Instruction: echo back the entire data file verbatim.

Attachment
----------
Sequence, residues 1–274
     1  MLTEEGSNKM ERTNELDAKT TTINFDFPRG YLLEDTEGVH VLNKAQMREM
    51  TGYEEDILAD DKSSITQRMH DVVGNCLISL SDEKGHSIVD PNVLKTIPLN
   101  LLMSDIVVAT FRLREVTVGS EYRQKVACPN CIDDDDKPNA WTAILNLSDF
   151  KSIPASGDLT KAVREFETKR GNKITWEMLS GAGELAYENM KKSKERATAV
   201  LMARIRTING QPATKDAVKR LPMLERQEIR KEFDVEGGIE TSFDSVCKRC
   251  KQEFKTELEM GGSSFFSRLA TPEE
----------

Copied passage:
Sequence, residues 1–274
     1  MLTEEGSNKM ERTNELDAKT TTINFDFPRG YLLEDTEGVH VLNKAQMREM
    51  TGYEEDILAD DKSSITQRMH DVVGNCLISL SDEKGHSIVD PNVLKTIPLN
   101  LLMSDIVVAT FRLREVTVGS EYRQKVACPN CIDDDDKPNA WTAILNLSDF
   151  KSIPASGDLT KAVREFETKR GNKITWEMLS GAGELAYENM KKSKERATAV
   201  LMARIRTING QPATKDAVKR LPMLERQEIR KEFDVEGGIE TSFDSVCKRC
   251  KQEFKTELEM GGSSFFSRLA TPEE